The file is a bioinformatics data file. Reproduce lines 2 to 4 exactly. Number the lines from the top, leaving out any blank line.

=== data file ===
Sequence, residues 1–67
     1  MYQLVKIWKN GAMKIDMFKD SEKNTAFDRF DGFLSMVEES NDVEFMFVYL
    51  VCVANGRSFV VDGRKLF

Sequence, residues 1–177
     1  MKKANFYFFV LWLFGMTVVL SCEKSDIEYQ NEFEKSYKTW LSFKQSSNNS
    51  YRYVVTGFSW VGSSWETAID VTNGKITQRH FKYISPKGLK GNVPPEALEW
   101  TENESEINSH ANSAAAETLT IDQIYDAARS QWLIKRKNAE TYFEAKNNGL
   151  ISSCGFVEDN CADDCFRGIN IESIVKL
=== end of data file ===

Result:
     1  MYQLVKIWKN GAMKIDMFKD SEKNTAFDRF DGFLSMVEES NDVEFMFVYL
    51  VCVANGRSFV VDGRKLF

Sequence, residues 1–177